Never Settle for What's "Supposed to Be"

A brain injury is not "supposed to be," nor is the trajectory for recovery, says Hospital Executive Amy Mansue. "In rehab, we help kids with TBI reach their maximum potentional not only when they are 7 but also when they're 70 ... "

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[Amy Mansue] There is a common belief that if you've suffered a traumatic brain injury that first 12 months are the only things that matter; if they don't achieve it and it's not better in that 12-month window that you can basically forget it. When I look at Michael, and I think of where he was at 12 months, and I see where he is today, that is so not the case. If you had stopped the clock at that 12 months and said, "Okay—you didn't make the benefits we thought you were going to make, and so we're not going to provide any more therapy," he wouldn't be nearly as independent as he is today. And as the child grows and becomes older, it is more and more important for him to become more and more independent or as independent as possible—even the transfer skills— being able to walk with the walker or care for himself—his activities of daily living— those are so important not when he's 60 pounds, but when he's 150 pounds— when he's 180 pounds—that's going to really, really matter. So you can't get locked into a clear medical book of, "Okay—this is what's supposed to happen, and it didn't. So now we're not going to do it anymore." For us—at Children's Specialized—it's always about making sure that child reaches their maximum potential and giving them whatever level of independence they can have. So—if it's feeding themselves then that's the independence that's going to be important— not necessarily when they're seven, but when they're 70. It's a whole different ball game, and so I think that you can't stop. And you can't stop trying. And often—you know—children will plateau with a traumatic brain injury and just sort of level out. But there will be something that will spark, and you'll see them making progress again, and that's when you need to intervene right away and get that therapy back up to where it was before. And then you'll make more progress. It's not unlike each of us—right? We achieve things—you know—whether it's losing weight or— you know—going to school or doing things, and then you'll level out for a while. And then you're going to need to do it again; it's the same process. And it's really important not to fall into the wives tales—if you will— about what's supposed to be because you know what? None of this is supposed to be; nobody is supposed to have a traumatic brain injury. And so each one you have to make sure that you're open to what's possible and what the hope can bring you and what the clinical skills can bring you and what the support of that family unit can bring. And that's what defines success. That's how you figure out how much more to do.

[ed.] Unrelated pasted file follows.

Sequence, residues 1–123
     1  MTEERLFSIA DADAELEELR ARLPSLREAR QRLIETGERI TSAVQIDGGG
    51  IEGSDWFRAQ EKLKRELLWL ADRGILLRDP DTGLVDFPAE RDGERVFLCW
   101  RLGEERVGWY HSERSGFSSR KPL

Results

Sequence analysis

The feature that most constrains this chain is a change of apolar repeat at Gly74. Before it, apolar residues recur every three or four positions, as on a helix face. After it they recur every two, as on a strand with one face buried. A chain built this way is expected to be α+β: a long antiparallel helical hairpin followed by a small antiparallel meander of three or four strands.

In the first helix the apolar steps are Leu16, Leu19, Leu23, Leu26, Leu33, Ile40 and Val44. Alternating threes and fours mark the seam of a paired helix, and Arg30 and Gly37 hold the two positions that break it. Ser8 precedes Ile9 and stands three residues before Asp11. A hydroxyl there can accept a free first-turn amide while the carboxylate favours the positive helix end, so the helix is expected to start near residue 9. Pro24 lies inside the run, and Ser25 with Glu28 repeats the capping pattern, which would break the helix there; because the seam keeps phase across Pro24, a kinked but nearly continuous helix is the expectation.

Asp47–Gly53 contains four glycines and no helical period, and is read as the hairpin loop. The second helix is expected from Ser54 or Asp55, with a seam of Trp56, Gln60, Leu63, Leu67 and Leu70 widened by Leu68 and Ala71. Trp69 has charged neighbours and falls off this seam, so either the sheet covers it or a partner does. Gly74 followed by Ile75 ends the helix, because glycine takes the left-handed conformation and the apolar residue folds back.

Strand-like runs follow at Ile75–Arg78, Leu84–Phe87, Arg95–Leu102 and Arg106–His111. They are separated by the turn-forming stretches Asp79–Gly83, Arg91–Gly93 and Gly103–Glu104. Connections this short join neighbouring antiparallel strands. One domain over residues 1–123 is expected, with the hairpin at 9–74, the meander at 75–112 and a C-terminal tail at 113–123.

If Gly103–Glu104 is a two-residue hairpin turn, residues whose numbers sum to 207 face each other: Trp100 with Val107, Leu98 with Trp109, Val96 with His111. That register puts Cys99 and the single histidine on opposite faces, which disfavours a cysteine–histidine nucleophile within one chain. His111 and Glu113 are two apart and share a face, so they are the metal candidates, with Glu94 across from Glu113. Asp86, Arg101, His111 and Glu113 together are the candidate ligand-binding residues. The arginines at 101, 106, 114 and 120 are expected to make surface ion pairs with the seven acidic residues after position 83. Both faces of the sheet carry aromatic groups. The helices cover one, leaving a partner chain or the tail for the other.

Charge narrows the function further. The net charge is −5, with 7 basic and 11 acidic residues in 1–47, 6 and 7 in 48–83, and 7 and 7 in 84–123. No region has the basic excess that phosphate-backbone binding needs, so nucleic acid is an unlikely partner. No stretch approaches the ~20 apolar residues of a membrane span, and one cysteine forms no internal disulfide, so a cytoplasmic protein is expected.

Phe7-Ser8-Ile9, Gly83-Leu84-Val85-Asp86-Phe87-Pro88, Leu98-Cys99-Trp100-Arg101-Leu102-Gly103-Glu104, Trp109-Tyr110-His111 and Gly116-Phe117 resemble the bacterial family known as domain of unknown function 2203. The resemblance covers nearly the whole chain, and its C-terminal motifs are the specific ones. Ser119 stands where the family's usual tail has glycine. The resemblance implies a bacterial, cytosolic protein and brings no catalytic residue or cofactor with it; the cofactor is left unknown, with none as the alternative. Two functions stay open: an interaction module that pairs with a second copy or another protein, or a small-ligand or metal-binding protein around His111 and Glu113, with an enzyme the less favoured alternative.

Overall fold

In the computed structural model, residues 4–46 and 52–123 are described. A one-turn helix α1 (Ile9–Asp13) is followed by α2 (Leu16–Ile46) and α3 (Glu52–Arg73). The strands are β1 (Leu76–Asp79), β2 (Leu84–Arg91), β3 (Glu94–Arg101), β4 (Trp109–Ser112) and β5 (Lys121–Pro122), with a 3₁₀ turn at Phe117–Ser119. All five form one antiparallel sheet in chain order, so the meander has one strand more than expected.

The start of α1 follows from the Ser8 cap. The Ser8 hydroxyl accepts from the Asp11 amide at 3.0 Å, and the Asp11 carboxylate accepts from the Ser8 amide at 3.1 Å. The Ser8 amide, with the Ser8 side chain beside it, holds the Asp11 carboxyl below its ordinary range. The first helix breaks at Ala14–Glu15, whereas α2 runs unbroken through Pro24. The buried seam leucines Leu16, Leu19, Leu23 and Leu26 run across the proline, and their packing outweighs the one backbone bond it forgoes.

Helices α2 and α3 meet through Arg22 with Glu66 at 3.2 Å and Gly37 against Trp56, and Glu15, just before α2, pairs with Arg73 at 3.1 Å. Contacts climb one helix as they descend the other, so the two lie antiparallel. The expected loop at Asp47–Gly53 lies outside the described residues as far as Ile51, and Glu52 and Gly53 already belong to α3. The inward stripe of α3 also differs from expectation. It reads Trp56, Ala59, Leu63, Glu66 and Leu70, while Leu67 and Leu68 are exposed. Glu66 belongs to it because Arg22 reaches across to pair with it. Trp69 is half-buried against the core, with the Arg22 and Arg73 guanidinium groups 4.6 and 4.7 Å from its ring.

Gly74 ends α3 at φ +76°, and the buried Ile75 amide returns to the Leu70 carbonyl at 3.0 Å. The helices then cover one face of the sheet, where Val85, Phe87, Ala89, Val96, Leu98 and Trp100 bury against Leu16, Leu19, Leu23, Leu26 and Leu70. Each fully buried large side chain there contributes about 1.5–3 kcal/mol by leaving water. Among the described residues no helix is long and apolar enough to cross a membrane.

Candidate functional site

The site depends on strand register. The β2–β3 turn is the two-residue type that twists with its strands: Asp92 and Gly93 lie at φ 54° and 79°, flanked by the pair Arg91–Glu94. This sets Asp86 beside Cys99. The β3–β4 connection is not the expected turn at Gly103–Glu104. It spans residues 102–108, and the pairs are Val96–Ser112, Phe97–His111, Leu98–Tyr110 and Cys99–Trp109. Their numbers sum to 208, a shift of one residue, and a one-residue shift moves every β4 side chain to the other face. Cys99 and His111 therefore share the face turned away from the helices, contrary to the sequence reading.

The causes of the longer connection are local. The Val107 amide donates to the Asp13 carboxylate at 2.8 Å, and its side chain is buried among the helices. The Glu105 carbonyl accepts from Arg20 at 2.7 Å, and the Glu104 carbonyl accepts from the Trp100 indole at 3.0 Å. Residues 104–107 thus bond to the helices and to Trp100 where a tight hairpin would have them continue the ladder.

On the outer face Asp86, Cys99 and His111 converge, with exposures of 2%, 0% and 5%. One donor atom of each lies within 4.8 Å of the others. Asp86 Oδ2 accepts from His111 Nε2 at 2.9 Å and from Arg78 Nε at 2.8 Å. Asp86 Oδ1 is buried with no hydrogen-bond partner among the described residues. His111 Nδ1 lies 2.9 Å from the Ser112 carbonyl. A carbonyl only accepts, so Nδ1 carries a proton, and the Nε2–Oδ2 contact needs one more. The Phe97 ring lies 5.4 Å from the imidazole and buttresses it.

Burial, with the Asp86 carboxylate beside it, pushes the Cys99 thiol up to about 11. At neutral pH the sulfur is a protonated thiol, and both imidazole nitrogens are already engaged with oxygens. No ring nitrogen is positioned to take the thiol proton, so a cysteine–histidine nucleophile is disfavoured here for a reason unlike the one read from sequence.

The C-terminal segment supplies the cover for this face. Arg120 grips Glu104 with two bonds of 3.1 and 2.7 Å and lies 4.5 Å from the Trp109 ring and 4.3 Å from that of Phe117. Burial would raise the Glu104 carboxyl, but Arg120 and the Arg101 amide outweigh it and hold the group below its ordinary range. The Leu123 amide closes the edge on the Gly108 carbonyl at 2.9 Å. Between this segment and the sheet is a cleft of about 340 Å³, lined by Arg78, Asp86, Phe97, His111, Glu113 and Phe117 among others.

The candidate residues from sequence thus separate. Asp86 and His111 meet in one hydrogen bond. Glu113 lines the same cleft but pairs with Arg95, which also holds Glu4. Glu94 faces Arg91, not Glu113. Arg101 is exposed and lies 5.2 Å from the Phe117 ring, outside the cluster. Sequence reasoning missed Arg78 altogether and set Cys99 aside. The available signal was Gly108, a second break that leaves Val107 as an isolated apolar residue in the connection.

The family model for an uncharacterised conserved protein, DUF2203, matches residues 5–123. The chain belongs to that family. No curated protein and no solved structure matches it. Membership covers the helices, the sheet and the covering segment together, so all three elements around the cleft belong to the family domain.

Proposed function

Posted on BrainLine August 8, 2013.

Produced by Sharon Ladin, Justin Rhodes, and Erica Queen, BrainLine.